My Patient Rights can help guide you in resolving issues so you can get the health care you deserve.
By Elizabeth Aguilera
September 3, 2019
Lawmakers aren’t requiring health insurers to more broadly cover infertility treatment. But an advancing bill would compel insurers to cover fertility preservation for cancer patients if treatment endangers their ability to have children.
What role, if any, should the state play in ensuring that Californians who want a baby can have one?
It’s an emotionally charged issue for people struggling with infertility who can’t afford procedures such as in vitro fertilization. While 14 states require insurance companies to cover infertility treatment — and most of those include in vitro — California does neither. Health insurers have long maintained that paying for such procedures would force them to raise premiums for everyone.
This year the Legislature once again refused to pass a bill requiring insurers to provide broad coverage of in vitro fertilization. But a more tightly targeted bill is advancing and headed for a final vote: It aims to clarify that insurers must cover the cost of preserving eggs, sperm or embryos for patients whose treatment for diseases such as cancer could destroy their ability to have children.
Neither, however, would benefit the one-third of low-income Californians who receive their health care through the state-administered Medi-Cal program.
The average cost for in vitro fertilization, also known as IVF – where eggs are retrieved and combined with sperm in a lab to create an embryo — is $10,000 to $15,000, with an additional $5,000 to $7,000 for medication.
Alice Crisci of Los Angeles remembers those costs quite well.
She was diagnosed with cancer at age 31 and had 5 days to figure out how to preserve her fertility and pay for it herself. That meant a quick in-vitro fertilization — creating embryos in a lab from her eggs and a donor’s sperm — and then a second part years later to have a frozen embryo implanted in her body.
“I was lucky that I had enough room on my credit card to pay for it,” said Crisci, who had the procedure when embryo freezing was more reliable than egg freezing. “There was just one shot at being a mom.”
Eventually, she said, she charged up $80,000 in medical debt and was forced to file bankruptcy.
Today she has a 5-year-old son and no regrets — and is contemplating having a second child from one of her stored embryos. Again, she would need to pay for it herself.
“When medical care harms a system of the body, then the medical system needs to take care of that part. This is no-brainer preventative medicine,” said Crisci, who started a charity called Fertile Action to advocate on fertility issues. “We know your hair is going to grow back but your fertility is not going to. Not covering this is a huge breakdown in the health system.”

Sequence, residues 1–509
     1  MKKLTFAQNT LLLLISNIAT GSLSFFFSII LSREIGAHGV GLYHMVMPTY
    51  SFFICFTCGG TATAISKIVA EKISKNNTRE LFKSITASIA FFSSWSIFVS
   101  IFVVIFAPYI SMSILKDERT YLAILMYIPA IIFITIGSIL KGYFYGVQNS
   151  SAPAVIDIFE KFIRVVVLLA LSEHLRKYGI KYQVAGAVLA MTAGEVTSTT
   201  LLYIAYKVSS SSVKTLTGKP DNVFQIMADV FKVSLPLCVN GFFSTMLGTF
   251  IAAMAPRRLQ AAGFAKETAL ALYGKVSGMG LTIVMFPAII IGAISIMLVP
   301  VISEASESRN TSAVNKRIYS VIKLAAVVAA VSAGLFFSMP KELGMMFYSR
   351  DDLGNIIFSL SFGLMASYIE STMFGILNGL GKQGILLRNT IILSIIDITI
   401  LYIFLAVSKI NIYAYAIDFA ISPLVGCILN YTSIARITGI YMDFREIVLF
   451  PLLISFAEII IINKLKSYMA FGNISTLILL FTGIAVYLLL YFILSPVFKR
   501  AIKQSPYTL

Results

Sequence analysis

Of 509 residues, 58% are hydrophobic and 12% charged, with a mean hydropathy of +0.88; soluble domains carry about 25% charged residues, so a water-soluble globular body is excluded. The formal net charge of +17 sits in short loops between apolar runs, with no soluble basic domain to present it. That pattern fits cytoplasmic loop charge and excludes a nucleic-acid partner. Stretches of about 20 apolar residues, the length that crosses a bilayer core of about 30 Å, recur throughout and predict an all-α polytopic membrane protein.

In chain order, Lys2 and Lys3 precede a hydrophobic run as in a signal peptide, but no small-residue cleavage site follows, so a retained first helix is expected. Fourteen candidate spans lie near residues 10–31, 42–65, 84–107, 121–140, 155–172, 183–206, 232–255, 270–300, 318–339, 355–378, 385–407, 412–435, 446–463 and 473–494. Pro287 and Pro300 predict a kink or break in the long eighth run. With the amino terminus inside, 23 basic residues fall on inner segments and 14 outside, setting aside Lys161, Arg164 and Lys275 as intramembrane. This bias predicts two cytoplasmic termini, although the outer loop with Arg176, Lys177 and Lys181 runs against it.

Crisci’s condition is known as iatrogenic infertility, caused by a medically necessary intervention. Many more people experience infertility for a variety of other reasons, such as abnormal sperm function in men or diminished ovarian reserve in women. In vitro procedures can allow them to conceive and bear children.
But critics counter that requiring health plans to cover expensive, elective fertility services would raise premiums by millions of dollars. California currently requires that insurers offer infertility treatment but it’s up to employers and groups to decide if they want to include it.
“IVF can be an important option for those who are experiencing infertility and want to have children, and we don’t dispute that. But adding $500 million in additional costs per year increases premiums for everyone,” said Mary Ellen Grant, spokeswoman for the California Association of Health Plans. “With health care affordability among Californians’ most pressing concerns, state leaders must factor in costs when defining what is and is not covered.”
“Everyone deserves the right to build a family, and it shouldn’t matter what state you live in,” said Betsy Campbell, chief engagement officer for RESOLVE, the National Infertility Association. “Cost should not be a barrier to getting the care you need. The only reason the word “expensive” is used is because the treatment for this disease is not covered by insurance.”
For now, advocates and insurers are focused on the advancing bill by Pasadena-area Democratic Sen. Anthony Portantino. It is intended to clarify that the state Department of Managed Health Care considers fertility preservation to be medically necessary basic health care — meaning that insurers are required to cover egg, sperm and embryo retrieval and freezing for patients who have a diagnosis, like cancer, that could damage their fertility.
Health insurers disagree, arguing that the coverage is not required and never has been.
Portantino’s bill originally would have applied to patients in Medi-Cal, which currently does not cover fertility preservation. But the state Department of Finance opposed that, saying it would result in “significant general fund costs, potentially in the tens of millions of dollars.” An aide to Portantino said because the bill aims to clarify current law, it is being amended to not impact Medi-Cal, which does not cover fertility preservation.
Currently 7 states require fertility preservation for those facing a medical condition that could impact their fertility.
The California Health Benefits Review Program, an independent organization under the UC system that evaluates health-related proposals, reported that if Portantino’s bill becomes law, nearly 1,800 Californians would take advantage of it to freeze their eggs, sperm or embryos in the first year alone. But it estimates it also would cause premiums to rise by $8.2 million for people in those plans.